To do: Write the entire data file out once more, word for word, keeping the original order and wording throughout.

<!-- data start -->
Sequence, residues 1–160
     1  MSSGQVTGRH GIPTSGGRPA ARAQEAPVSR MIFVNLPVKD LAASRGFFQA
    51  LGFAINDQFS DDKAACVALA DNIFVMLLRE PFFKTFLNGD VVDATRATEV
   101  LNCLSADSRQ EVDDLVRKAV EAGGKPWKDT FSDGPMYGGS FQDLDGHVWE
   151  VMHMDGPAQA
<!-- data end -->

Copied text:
Sequence, residues 1–160
     1  MSSGQVTGRH GIPTSGGRPA ARAQEAPVSR MIFVNLPVKD LAASRGFFQA
    51  LGFAINDQFS DDKAACVALA DNIFVMLLRE PFFKTFLNGD VVDATRATEV
   101  LNCLSADSRQ EVDDLVRKAV EAGGKPWKDT FSDGPMYGGS FQDLDGHVWE
   151  VMHMDGPAQA